Well, the best I can do is give an example of what I mean.
One unrelated example was working at Six Flags: no matter how many rides I was trained to operate, I still got paid $6.50/hr...even though I was older than my peers and my bosses. That is taking on unnecessary responsibility without compensation.
The other example (being taken advantage of, and being denied compensation): I worked at a university's IT Department doing User Support, and the main task was fixing computers for professors, faculty and staff and setting up computer labs. That was all well and good, but when I got brought over to the Law School to work in their IT Department at random times, I started getting tasked with solving server and network problems when we'd normally ask the guy labeled "Server Administrator" or "Network Administrator" to solve them. I didn't mind doing it because I wanted to learn how and wanted to showcase my abilities to fix things beyond user's problems. I asked for a promotion to become a server admin and was declined. Not only that, when raises went out (we were paid hourly), my raise was less than half (like $1/hr for them, $0.45/hr for me), when everyone started literally the same day as me (or more recently), and I was the one the others were asking for help to solve their tickets. That is when I realized I was being used for my abilities and underpaid. So I started looking for a new job in the area I wanted to move into since I couldn't get promoted into it.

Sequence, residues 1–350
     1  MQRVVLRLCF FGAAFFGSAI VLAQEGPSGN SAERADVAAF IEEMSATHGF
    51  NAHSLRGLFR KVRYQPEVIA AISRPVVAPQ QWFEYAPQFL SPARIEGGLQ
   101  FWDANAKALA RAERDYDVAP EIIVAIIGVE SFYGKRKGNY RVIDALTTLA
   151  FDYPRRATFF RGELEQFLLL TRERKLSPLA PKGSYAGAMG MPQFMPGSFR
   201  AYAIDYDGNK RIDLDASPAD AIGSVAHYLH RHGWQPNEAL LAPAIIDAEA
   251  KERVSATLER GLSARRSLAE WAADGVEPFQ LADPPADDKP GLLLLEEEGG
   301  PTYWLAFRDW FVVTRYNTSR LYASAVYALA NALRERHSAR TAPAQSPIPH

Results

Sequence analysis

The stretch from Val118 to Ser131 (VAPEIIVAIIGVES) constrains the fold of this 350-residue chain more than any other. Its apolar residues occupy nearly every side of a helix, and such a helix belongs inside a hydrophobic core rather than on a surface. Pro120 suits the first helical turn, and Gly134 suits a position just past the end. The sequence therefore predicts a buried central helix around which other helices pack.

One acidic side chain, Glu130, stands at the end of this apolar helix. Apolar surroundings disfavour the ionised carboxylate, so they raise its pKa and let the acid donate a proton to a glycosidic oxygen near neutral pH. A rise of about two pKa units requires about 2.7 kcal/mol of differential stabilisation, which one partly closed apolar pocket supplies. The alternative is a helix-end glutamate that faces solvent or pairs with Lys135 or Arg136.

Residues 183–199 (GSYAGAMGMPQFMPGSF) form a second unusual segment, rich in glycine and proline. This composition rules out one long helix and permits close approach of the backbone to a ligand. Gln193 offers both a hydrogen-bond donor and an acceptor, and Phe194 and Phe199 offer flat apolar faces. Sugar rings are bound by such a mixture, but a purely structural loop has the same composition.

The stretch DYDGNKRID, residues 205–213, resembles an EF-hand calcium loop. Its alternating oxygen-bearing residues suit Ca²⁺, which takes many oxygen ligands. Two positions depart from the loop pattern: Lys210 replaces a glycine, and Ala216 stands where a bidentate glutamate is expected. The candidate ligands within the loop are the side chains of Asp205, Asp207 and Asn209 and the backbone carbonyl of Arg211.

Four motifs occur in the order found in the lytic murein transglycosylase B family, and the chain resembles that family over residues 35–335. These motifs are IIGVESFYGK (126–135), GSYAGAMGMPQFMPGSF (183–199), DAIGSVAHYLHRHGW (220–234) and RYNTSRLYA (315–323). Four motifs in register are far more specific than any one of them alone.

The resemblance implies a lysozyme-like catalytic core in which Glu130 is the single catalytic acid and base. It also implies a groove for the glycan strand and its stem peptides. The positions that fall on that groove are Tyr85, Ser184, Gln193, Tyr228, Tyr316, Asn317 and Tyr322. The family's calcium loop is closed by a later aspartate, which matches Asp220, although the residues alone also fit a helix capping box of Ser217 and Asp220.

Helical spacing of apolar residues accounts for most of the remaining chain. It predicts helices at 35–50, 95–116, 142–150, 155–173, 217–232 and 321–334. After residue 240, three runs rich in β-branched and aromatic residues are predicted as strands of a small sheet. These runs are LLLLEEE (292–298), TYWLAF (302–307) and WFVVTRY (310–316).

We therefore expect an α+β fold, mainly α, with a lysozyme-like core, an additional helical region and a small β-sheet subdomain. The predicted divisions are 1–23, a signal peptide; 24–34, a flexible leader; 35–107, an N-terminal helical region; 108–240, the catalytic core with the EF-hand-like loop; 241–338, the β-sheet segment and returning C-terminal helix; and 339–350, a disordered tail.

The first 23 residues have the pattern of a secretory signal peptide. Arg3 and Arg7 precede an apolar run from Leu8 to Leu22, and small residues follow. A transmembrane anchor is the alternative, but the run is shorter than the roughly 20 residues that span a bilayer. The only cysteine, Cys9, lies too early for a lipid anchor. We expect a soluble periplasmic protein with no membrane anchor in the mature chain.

This isn't to say it'll happen to you - but it's something I am always weary of now, so that I don't set a precedent (in my line of work) that I am willing to give anything to a company without being compensated for it - even though I love what I do. I hope that doesn't sound too negative.